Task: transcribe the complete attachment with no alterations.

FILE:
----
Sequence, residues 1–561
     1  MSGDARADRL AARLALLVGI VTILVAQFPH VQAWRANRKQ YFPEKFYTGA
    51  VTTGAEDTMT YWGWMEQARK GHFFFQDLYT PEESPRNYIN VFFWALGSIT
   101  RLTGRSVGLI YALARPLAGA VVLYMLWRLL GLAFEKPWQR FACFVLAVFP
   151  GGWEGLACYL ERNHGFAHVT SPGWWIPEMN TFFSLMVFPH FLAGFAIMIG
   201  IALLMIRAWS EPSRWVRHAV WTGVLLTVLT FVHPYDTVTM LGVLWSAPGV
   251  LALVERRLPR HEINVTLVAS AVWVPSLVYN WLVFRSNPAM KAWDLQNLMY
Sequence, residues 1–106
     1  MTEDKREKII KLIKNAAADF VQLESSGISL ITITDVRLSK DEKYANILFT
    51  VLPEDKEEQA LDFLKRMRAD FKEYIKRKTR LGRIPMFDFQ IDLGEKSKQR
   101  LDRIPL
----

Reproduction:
Sequence, residues 1–561
     1  MSGDARADRL AARLALLVGI VTILVAQFPH VQAWRANRKQ YFPEKFYTGA
    51  VTTGAEDTMT YWGWMEQARK GHFFFQDLYT PEESPRNYIN VFFWALGSIT
   101  RLTGRSVGLI YALARPLAGA VVLYMLWRLL GLAFEKPWQR FACFVLAVFP
   151  GGWEGLACYL ERNHGFAHVT SPGWWIPEMN TFFSLMVFPH FLAGFAIMIG
   201  IALLMIRAWS EPSRWVRHAV WTGVLLTVLT FVHPYDTVTM LGVLWSAPGV
   251  LALVERRLPR HEINVTLVAS AVWVPSLVYN WLVFRSNPAM KAWDLQNLMY
Sequence, residues 1–106
     1  MTEDKREKII KLIKNAAADF VQLESSGISL ITITDVRLSK DEKYANILFT
    51  VLPEDKEEQA LDFLKRMRAD FKEYIKRKTR LGRIPMFDFQ IDLGEKSKQR
   101  LDRIPL